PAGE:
Knocking on Your Door vol. 12: “you are not required to sign with Direct Energy as a Pepco customer”

Photo by PoPville flickr user Jordan Barab

“Dear PoPville,

TLDR; you are not required to sign with Direct Energy as a Pepco customer. You have many choices on how to source your energy as a Pepco customer. If they come to your door, hopefully you won’t feel obligated to sign with them.

I just wanted to write in and warn the rest of your readers about Direct Energy, who came to our door last night. Direct Energy is a legitimate provider of energy to Pepco, and due to energy deregulation in DC, is one of the many providers Pepco customers have the option of choosing to purchase their energy from. If you choose to sign on with one of these providers, your bill will still come from Pepco, but Pepco will purchase energy from the provider you selected instead of whomever they choose. The benefit of purchasing from a provider is often being locked into a fixed rate, and the ability to factor in environmental considerations (by purchasing only solar, or from a clean energy provider such as Ethical Electric).

The salespeople who came to our door from Direct Energy made several misrepresentations, which made the customer feel like they were required to sign up for their service:

-First, they cited the reason for coming to our home was that we had not responded to a notification in our Pepco bill within 6 months. We were unable to locate this notification, and they made it seem that there would be an issue with Pepco if we didn’t respond. They said that by responding to this notification we would stop our rates from rising.

-Second, they spoke about the deregulation as something that had recently occurred and warranted a change in our service. DC Pepco customers have had provider options for quite some time, and to my knowledge, nothing about that has changed recently. (Please let me know if I’m mistaken and there was a recent change!)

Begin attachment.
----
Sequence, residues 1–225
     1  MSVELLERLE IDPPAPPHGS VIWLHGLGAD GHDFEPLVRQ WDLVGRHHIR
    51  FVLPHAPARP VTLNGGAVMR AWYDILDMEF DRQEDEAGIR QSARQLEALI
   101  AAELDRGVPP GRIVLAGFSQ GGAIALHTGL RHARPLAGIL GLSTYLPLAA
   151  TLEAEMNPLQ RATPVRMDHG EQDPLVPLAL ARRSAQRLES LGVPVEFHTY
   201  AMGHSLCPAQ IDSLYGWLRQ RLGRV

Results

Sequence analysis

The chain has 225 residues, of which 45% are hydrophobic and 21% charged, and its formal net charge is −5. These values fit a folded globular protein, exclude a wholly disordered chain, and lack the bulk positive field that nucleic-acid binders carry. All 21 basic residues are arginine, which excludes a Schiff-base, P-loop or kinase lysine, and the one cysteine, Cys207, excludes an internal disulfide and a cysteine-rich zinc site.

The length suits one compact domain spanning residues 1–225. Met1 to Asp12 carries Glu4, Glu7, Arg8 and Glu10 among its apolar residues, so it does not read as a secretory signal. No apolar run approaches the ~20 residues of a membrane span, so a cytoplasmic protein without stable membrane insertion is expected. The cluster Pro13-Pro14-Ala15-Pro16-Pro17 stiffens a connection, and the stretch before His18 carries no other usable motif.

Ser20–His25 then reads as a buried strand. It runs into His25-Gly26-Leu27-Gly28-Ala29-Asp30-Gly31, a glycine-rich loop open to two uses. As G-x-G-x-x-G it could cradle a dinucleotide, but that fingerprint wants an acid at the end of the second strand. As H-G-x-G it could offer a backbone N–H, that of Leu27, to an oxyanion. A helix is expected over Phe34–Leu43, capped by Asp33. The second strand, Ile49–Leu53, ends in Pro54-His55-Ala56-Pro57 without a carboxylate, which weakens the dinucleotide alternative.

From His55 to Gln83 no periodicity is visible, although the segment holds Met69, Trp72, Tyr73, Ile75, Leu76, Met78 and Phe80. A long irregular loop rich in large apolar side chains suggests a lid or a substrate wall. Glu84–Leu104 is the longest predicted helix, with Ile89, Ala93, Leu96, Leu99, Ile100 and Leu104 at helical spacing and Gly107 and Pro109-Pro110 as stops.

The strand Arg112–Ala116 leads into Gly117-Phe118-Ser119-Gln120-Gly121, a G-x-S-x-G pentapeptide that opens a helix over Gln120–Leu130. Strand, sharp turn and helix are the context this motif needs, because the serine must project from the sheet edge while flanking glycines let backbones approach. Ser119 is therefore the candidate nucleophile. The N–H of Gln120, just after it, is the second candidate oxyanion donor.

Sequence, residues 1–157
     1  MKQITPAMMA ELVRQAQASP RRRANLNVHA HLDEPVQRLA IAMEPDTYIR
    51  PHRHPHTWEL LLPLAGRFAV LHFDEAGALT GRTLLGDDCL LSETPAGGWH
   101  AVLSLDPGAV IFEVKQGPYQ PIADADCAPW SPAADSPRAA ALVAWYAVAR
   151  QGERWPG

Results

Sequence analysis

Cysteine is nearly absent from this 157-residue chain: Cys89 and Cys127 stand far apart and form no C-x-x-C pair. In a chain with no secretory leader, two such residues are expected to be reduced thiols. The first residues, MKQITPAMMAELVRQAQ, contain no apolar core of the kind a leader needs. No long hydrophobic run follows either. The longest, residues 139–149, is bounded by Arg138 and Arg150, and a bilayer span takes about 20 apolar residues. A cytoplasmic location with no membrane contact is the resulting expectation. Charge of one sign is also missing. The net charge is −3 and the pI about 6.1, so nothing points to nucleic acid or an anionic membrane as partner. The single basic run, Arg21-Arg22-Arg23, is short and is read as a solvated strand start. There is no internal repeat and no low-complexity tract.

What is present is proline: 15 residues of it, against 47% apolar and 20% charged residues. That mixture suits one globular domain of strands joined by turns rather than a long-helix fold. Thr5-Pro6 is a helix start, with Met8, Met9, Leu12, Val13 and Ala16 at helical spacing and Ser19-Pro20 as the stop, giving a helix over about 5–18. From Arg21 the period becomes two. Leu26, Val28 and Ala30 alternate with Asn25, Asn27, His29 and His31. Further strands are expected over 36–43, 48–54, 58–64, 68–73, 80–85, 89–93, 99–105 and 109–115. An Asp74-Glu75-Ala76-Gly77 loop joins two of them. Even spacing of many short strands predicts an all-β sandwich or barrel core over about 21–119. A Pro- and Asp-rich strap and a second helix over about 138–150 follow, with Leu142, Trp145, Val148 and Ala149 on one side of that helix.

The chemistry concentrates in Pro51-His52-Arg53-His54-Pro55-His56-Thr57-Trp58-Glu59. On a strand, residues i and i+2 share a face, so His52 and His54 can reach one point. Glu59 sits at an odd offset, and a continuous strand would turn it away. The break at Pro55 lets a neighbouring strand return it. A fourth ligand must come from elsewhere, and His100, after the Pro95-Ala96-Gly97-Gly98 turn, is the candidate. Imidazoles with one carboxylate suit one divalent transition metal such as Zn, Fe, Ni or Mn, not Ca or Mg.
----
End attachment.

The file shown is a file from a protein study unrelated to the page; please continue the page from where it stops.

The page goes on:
-Third, they had us sign a form that authorized the company to contact us and make the change to their service. After signing this form, the salesperson immediately entered our contact info into his iPad and had corporate call us IMMEDIATELY following our conversation. This gave you no time to do alternate research, or even substantiate their claims of deregulation and rising rates.

Interested in hearing if any of your readers had a similar experience with Direct Energy, and if so, if they felt that in the sales interaction that they were required to make the switch.”

22 Comment

  • Serious question – why do people even respond to door to door sales? Once I hear that the person at my door is trying to sell me something, it’s “No thanks” and a closing door.

    • Exactly. In the internet era, there is no way that I’m going to sign up for any service at my front door. I’m going to research it on the web and find the best deal.

    • Candy, vacuums, salvation, etc. are pretty easy “no thank you” and shut the door items. When someone ostensibly representing a vital utility makes confusing threats about your service, even intelligent, well-educated people are likely to listen. This is reprehensible.